There’s a lot of speculation out there that Brett Favre’s retirement from the New York Jets this week might not take. After all, we’ve seen the “retire”/unretire scenario play out before, less than a year ago with the Green Bay Packers.
This time, however, it’s official. Brett Favre has filed his retirement papers with the NFL.
Last March, when Favre retired from the Green Bay Packers, no such thing happened, and we all know how that played out.
As Rich Cimini at the New York Daily News notes:
For practical purposes, the primary reason for filing retirement papers is to receive a one-time severance pay. Some retired players wait years before finalizing the paperwork. Symbolically, this means Favre really thinks he’s done for good.
Meanwhile, back at Favre Ranch, Brett was busy telling reporters in a teleconference that Packers GM Ted Thompson can go fuck himself.
The Packers issued a statement yesterday asserting the desire to retire Favre’s number, which they were originally scheduled to do in the 2008 season opener against the Minnesota Vikings. Yesterday, Favre told reporters that he would be open to coming back to Green Bay at the “appropriate” time, i.e. when Ted Thompson is either gone or has sufficiently apologized and kissed his ass.
“It’s a shame what has unfolded throughout the whole thing,” Favre said. “But I don’t know. I don’t know. I don’t have an answer for that right now. It may be five years, it may be the first game.”
And Favre hinted that the continued presence of the man who traded him, Packers general manager Ted Thompson, might play a role in when he’s ready to return to Green Bay.
“He had his reasonings, I had my reasonings,” Favre said of his past disagreements with Thompson. “Who’s to say who’s right and who’s wrong. He has a plan. I’m not mad at him for that. Other people may be, but I don’t know. It’s a touchy situation.”
Despite the remaining acrimony between Favre and Thompson, there’s hope that the healing process has begun. In addition to the offer to retire his jersey, Packers president and CEO Mark Murphy has gone on record as saying that the marketing deal Favre was offered by the Packers last offseason is still on the table.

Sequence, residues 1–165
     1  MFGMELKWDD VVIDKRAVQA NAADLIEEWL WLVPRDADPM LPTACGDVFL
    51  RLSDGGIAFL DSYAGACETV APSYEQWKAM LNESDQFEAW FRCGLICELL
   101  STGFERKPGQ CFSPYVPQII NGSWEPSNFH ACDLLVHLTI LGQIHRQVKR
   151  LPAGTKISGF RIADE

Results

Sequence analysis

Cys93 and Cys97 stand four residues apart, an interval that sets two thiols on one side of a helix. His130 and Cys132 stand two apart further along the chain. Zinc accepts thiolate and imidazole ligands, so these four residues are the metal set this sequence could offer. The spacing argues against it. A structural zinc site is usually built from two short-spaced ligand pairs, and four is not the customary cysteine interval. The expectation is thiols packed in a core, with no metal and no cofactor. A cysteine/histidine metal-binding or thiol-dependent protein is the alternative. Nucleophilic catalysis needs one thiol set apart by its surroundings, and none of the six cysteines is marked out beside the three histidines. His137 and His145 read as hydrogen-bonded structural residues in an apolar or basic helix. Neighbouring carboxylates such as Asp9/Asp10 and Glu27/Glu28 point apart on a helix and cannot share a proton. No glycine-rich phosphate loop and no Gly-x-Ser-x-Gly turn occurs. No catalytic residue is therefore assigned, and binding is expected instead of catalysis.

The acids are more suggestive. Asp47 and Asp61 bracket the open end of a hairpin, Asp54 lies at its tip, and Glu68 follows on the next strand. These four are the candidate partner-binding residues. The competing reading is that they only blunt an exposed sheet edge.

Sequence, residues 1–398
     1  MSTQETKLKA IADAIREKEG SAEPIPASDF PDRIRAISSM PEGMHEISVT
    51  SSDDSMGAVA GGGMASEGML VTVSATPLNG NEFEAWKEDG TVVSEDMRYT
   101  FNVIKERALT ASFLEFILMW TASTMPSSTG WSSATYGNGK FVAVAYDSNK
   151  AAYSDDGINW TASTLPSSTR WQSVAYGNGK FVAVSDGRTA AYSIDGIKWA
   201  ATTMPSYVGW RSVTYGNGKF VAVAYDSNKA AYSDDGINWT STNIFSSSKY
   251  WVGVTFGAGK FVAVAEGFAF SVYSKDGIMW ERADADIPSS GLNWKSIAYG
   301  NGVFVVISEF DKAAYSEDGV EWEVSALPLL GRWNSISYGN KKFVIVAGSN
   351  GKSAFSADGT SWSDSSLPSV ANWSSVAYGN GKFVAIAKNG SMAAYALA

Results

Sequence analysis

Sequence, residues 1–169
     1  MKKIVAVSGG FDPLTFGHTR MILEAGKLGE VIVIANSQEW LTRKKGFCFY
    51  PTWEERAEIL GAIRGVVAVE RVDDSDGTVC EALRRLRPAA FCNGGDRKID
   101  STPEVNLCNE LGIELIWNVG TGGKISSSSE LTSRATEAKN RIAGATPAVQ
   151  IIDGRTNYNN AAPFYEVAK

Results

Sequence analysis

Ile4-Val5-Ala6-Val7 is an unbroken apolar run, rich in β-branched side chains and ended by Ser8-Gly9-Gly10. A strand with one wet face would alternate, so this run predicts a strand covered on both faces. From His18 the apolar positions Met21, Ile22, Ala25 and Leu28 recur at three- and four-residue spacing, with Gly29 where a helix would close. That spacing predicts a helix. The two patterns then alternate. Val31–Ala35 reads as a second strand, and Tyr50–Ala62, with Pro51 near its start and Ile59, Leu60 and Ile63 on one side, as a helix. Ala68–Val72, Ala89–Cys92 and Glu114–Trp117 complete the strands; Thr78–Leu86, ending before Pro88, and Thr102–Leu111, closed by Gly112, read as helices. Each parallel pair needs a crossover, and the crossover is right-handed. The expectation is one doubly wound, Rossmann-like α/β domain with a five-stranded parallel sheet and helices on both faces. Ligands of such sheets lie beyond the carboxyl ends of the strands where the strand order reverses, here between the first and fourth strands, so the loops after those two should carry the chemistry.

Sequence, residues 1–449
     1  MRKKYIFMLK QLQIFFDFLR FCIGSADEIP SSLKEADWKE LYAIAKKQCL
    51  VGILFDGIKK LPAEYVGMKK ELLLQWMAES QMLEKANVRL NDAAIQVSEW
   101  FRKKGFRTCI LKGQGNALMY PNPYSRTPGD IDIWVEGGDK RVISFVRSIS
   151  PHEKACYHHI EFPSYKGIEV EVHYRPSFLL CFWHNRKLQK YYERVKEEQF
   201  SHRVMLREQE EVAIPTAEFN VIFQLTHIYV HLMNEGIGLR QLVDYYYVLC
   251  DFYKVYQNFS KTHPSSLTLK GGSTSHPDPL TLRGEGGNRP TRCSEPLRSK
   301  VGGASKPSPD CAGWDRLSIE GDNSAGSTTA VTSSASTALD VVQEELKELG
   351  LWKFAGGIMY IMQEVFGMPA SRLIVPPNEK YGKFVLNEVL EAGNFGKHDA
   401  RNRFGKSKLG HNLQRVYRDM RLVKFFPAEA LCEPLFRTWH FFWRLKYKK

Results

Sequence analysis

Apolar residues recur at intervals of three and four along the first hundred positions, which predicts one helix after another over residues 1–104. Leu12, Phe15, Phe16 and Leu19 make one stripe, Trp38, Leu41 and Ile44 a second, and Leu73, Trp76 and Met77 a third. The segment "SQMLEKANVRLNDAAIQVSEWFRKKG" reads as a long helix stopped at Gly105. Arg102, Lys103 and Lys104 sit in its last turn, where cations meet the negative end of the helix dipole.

I think we’d all like to forget the last year happened, and some of us will never forgive Brett for the way things played out, but we’ll all cherish the memories and the joy that redneck gave us on the field. And so, I’ll end with this quote from Brett’s teleconference.
“My stay in Green Bay was unbelievable, unbelievable,” Favre said. “And not one thing could take that away, not one person. And that organization has been outstanding to me throughout my career. It is what it is. It’s unfortunate. But at some point, it’ll be dealt with.”
Brett needs to retire. Maybe in a few years when he gets into the Hall of Fame the wounds would have healed.
Brett still has a lot of growing up to do!
Wow aren’t you snarky, I guess in order to write sports news you have to be cliche after all.. Seriously, calling Favre a redneck is a little out of line..
I could care less how much you’d like to perform fellatio on the Packers organization, stop bitching about the quarterback who helped put Green Bay back on the map.
Yeah, Christopher, the term redneck wasn’t meant as derogatory. The tone of this blog has always liberally employed the right to use words flexibly and colorfully. We are not the Journal Sentinel. Nor do we want to be.
Also, I don’t think it’s arguable if Brett Favre is a redneck. He is. He’s from the rural south. He enjoys driving tractors and hunting. He does Wrangler ads.
There’s nothing wrong with any of these things, but that equals redneck in my book.
ted treated brett like shit. Favre expressed what had gone on while he was in green bay. i love the packers but ted wanted brett out from the moment he got there. stop kissing ted’s ass. he took a team from 4-12 to 9-7 while rogers and the packers went from 13-3 to 6-10. i don’t want to hear your excueses. Brett WAS the difference.